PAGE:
Arlen Specter spent nearly three decades in the U.S. Senate, and before that he made a national name for himself as part of the Warren Commission that investigated John Kennedy's assassination, eventually helping pen the "single-bullet theory" that claimed Kennedy and then-Texas Gov. John Connally were hit by the same bullet. Today Specter's son confirmed that the former Senator, defeated during the Tea Party rise of 2010, has died of cancer, a disease he has battled since 2005. He was 82.
Specter was always a divisive personality in Washington, particularly toward the last few years of his career, like in 2009, when the Pennsylvania senator left the Republican Party after 44 years to become a Democrat. It was that same year that Specter came out in opposition of the Defense of Marriage Act, a federal ban on marriage equality he himself supported in 1996.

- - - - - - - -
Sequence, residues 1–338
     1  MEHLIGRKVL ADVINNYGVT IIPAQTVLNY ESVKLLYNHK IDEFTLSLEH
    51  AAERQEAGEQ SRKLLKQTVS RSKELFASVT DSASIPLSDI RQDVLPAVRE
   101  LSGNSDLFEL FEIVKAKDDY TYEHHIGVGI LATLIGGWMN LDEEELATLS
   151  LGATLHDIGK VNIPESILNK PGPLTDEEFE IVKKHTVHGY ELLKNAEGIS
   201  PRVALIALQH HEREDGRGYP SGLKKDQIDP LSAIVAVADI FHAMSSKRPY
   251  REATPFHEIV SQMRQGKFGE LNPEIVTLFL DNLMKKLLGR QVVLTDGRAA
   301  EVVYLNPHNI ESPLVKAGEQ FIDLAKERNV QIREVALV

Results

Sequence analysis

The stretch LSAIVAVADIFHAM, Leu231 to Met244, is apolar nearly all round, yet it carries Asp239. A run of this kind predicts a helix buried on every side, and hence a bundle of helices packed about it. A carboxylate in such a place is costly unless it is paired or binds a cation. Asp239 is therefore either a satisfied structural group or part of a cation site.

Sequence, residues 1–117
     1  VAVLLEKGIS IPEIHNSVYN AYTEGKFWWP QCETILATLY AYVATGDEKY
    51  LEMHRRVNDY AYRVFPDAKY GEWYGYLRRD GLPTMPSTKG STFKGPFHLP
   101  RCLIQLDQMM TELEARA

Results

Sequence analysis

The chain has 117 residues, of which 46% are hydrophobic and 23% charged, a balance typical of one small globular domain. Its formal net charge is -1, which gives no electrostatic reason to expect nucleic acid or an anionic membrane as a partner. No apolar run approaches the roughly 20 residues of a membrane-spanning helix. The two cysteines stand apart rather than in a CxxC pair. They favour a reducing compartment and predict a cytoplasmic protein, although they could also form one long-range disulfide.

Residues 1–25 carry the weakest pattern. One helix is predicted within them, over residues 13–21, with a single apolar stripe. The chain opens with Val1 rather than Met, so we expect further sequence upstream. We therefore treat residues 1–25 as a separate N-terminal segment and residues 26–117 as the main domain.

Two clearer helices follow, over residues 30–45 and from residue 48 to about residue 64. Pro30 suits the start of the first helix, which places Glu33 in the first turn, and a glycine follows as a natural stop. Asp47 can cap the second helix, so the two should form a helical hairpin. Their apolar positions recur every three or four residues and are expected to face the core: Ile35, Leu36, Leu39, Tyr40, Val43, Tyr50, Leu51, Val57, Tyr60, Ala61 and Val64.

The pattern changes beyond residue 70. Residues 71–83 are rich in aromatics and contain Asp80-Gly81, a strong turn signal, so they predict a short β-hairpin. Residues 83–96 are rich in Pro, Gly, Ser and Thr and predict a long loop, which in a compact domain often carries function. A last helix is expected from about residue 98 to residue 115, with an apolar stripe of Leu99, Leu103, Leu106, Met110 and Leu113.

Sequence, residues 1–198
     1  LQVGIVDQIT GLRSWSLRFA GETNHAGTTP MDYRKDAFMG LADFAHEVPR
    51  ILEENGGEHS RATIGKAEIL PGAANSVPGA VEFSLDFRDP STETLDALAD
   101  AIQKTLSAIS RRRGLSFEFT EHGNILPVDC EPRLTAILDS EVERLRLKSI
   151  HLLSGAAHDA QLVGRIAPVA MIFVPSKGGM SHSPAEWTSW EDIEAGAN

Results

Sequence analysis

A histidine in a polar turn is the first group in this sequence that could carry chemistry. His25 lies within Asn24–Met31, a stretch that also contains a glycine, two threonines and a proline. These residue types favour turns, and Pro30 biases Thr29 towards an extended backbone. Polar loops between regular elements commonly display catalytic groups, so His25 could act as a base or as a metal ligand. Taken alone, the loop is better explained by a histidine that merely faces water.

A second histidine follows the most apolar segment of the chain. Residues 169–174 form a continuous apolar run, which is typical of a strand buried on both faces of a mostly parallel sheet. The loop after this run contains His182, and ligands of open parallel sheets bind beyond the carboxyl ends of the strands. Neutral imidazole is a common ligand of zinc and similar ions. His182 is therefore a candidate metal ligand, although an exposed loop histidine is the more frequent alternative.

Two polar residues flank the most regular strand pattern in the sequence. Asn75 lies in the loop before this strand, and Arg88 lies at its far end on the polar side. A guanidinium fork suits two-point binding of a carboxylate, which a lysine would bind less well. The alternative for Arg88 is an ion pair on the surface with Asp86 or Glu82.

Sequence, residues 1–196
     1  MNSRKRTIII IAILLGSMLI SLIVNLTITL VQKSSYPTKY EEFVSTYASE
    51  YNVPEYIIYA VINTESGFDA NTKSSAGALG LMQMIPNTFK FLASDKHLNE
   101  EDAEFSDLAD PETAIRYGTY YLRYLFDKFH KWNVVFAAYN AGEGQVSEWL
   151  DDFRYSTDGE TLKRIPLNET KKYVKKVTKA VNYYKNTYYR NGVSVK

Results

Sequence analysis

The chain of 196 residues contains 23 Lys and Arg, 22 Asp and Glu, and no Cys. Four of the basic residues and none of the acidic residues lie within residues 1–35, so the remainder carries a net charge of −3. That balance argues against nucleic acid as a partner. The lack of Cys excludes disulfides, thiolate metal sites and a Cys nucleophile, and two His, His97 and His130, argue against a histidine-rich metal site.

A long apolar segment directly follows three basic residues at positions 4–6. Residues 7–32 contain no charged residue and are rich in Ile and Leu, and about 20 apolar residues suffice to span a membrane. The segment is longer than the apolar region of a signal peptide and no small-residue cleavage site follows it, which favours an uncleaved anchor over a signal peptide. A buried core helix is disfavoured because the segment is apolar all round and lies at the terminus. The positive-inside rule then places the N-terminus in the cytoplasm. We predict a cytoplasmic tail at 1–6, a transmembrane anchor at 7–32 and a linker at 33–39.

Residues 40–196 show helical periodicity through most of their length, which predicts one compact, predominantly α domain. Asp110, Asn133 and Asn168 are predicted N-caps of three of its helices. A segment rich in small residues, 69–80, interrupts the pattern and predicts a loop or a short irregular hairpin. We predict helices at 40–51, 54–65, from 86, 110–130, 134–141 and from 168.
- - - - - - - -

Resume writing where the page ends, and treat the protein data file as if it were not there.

"Enacted 13 years ago when the idea of same sex marriage was struggling for acceptance, the Act is a relic of a more tradition-bound time and culture," he said at the time. "Connecticut, Iowa, and Massachusetts have already passed laws recognizing same sex marriage and other states are moving in that direction. The states are the proper forum to address this divisive social and moral issue, not the Federal Government with a law that attempts to set one national standard for marriage."
Specter also supported the repeal of Don't Ask, Don't Tell and urged Congress to pass an LGBT-inclusive Employment Non-Discrimination Act.
In 2010, Specter ran in the Democratic primary to retain his Pennsylvania seat, but was defeated by Joe Sestak. In the years since, Specter has spent his time helping Philadelphia University sift through his extensive archives and personal records to help form the basis of what will be The Arlen Specter Center for Public Policy at Philadelphia University, a center where the long-serving senator's often complicated and always intriguing legacy will live on.